The sports analytical team’s job is then to try and derive as many stats on all players as they can. As part of the data team, they would have no work on court when the players are training. So, once the tournament draws are out for any major event, and the players know who they are playing, the team must hand over the detailed raw data to the coaching team.
They don’t have to be badminton experts but the important aspect is to have an understanding of the sport in terms of the different types of shot. That has been a problem area in the past. Unlike tennis, a forehand in badminton could mean a wide variety of shots: clears, smashes, slices, reverse slices, spinning shots, net dribbles, half-smashes etc. It would be crucial for those doing the video analysis to take into account those variations. But apart from that, to make inferences or form opinions and such, it would be the coaches’ job to figure out how to use the data.
Badminton is a highly instinctive sport and a lot of factors could determine the way the player is playing on a certain day. For example, HS Prannoy lost to Zhao Junpeng at the semifinals of Indonesia Open Super 1000 recently, and it was a performance that he would want to learn from as things didn’t go his way despite being in great form that week in Jakarta.
Now, if Prannoy is scheduled to play Zhao at any tournament in the future, the coaching set-up should get a detailed data packet from their last meeting. A short study which should include number of back-court and front-court winners/unforced errors made by Zhao, the pie-chart percentage of the whole court on where Zhao played throughout the game, percentage of how many shots were played to the back-court and front-court on Prannoy’s serve. Then it is upto the coach to interpret this data and sit with Prannoy and make a plan on how to beat Zhao in their next meeting, and schedule training sessions for key skills in that regard.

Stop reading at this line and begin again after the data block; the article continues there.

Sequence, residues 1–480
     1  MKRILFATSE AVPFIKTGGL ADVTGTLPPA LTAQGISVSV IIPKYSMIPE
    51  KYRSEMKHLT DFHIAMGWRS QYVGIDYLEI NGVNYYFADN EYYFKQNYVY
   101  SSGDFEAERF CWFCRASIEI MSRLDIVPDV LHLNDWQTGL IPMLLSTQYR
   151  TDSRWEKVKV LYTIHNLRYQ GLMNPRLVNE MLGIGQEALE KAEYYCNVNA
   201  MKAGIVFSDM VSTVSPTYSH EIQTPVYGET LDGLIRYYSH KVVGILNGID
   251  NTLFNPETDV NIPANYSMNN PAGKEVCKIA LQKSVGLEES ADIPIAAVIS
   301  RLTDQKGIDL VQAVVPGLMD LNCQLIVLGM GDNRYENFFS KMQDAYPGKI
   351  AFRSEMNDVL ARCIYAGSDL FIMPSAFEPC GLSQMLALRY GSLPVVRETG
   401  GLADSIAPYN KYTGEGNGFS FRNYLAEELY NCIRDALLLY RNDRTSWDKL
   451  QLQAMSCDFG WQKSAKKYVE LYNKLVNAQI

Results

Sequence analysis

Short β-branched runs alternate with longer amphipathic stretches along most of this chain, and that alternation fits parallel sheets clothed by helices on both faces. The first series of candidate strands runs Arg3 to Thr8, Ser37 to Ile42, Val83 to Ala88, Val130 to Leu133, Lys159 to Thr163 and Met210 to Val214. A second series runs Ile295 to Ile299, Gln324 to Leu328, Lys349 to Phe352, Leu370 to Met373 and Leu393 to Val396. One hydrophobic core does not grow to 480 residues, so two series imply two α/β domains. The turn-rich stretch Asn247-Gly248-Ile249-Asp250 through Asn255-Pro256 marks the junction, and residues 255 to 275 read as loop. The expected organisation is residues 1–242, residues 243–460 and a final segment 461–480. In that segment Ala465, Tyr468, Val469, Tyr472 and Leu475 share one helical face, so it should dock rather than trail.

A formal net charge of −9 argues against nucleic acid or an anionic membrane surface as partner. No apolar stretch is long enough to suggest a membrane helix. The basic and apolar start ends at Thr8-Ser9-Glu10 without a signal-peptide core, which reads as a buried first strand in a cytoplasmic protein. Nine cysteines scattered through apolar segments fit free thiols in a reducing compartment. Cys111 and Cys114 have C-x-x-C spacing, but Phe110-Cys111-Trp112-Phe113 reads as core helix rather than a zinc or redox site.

It is a big investment but that’s where the future of the sport lies as margins become finer and finer.
There are software applications coming up which could make the life of analysts easy, by taking into account the many intricacies of badminton. It will evidently require a good investment of money and manpower from the federation and Sports Authority of India. But it is an area which could play a major role in pushing India to win more major events in the future.
Shlok Ramchandran is a former Indian doubles player, who reached a career-high world ranking of No 32 in men’s doubles. Having recently retired from the highest level of the sport, Shlok is currently head coach at Triangle Badminton & Table Tennis in North Carolina, USA.